A zero-emission local energy solution developed for Aalto University at block level

The goal of the renovation of the Aalto Works block in Otaniemi is to be as innovative as the research at the university. Together with Fortum, Sweco provided ACRE with a zero-emission and nearly self-sufficient heating and cooling solution that is unique in northern Europe.



Local energy solution for the Aalto Works block (Aalto University, Otaniemi, Espoo)


Concept, project and implementation planning, including structural, architectural and HPACA planning, as well as construction assignments



Aalto University Campus & Real Estate (ACRE) maintains and develops the facilities of Aalto University in Otaniemi, Espoo and Töölö, Helsinki. The plan is to make the Otaniemi Campus completely carbon-neutral and energy self-sufficient. An important step in the right direction will be taken as the ‘K-block’ is renovated into the Aalto Works block, for which a unique heating and cooling system has been designed.

“ACRE is our long-term client in district heating and a forward-thinking operator who is actively developing Otaniemi into a campus for sustainable development,” says Fortum’s Solution Sales Manager Tiina Davidsainen. “We listened to their needs and thoughts on future energy solutions carefully.”

Davidsainen states that Sweco had the expertise that Fortum required. “Sweco has an understanding of comprehensive solutions, and it’s been a pleasure to work with the best experts in the industry.”

Sweco also carries out regular condition surveys and repair plans on ACRE's building service systems. “We are familiar with the area’s properties and technical systems,” says Sweco’s Project Manager Jussi Alilehto. “We were able to help Fortum develop an energy system that works seamlessly in parallel with the building technology.”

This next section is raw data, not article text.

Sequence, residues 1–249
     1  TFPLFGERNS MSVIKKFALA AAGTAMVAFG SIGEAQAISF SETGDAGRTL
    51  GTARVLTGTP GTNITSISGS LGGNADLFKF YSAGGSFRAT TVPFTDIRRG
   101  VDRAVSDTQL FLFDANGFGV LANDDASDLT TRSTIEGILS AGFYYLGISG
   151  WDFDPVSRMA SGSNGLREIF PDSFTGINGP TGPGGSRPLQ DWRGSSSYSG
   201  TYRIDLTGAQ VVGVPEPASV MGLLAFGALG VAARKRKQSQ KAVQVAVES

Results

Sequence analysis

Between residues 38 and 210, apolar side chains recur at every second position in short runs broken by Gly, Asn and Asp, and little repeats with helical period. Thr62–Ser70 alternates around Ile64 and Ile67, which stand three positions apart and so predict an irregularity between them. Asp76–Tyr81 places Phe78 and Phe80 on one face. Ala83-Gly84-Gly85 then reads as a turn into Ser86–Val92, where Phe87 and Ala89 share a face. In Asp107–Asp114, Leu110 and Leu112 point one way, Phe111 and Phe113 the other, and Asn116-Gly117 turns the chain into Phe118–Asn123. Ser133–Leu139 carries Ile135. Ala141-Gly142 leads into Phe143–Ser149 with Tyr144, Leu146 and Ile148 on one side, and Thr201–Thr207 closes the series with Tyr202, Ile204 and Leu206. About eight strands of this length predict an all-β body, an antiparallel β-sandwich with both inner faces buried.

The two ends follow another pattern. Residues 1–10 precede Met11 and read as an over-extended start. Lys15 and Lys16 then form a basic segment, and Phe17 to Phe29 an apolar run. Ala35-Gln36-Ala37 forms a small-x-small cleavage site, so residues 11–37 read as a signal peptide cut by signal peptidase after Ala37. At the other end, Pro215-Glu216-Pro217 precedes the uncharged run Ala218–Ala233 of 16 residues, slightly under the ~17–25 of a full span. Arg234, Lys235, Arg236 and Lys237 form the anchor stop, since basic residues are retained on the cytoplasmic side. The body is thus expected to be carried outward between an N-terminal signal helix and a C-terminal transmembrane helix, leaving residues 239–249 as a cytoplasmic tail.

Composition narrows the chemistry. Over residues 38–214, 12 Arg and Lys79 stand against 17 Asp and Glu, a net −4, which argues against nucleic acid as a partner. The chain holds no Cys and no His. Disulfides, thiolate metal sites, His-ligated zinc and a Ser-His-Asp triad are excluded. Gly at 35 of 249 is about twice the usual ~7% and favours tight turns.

A heat pump system allows the area to evolve

At the beginning, ACRE surveyed the opportunities for creating an individual geothermal heating system for the area. “It would have required several geothermal heating wells, which would have limited the expansion of the block,” Alilehto says. Sweco’s suggestion was to use air-water heat pumps and the waste heat recovered from the buildings.

Fortum entered this new area boldly and managed to complete the complex process agilely and rapidly. “We implemented a concept study on the idea, which was then specified through a project plan before the contract negotiations between Fortum and ACRE,” Alilehto says. The implementation plan was also developed at the same time. “The entire time, the goal was to expand the block’s energy infrastructure in the campus area.”

The designers also paid attention to the cultural heritage of the area, since the new technology will be combined with architecture designed by Alvar Aalto. “The design’s primary focus is on electrical, HPAC and automation systems, but our experts were also needed in structural and architectural design,” Alilehto says. “We are also involved in the construction contracting tasks, such as tendering and worksite coordination.”

A local, block-level energy system is new in northern Europe

An energy solution at block level is groundbreaking in many respects. The industrial-scale air-water heat pumps heat, cool and recover waste heat from 10 properties. “It’s rare to find a block with a single owner and the opportunity for circulating energy effectively,” Alilehto says.

The energy system produces 70–90 per cent of the block’s required energy. “So far, no other local energy systems that use air-water heat pump technology have been implemented anywhere in northern Europe, and probably not anywhere else in the world, either. We get to do something entirely new,” Davidsainen says, excited.

The openness of the co-operation is also new. Fortum and Aalto University will share system data, which it is hoped will benefit the entire energy sector and related research. “One of the greatest achievements of this project is finding common ground and the will to develop things together,” Alilehto emphasises.

Towards zero-emission district heating production

The block’s energy system will start operating in early 2021, after which Fortum will be in charge of operation and maintenance. Sweco’s experts will continue monitoring and optimising the technical systems. “There are many new things for everyone in this concept,” Alilehto says.

To Fortum, Aalto Works block is a step towards the Espoo Clean Heat goal. “Our sub-goal is stopping using coal by the end of 2025,” Davidsainen states. “Local energy solutions are one of the methods we have picked for moving towards clean and zero-emission production of district heating.”

Picture: Aalto University / Suomen Ilmakuva Oy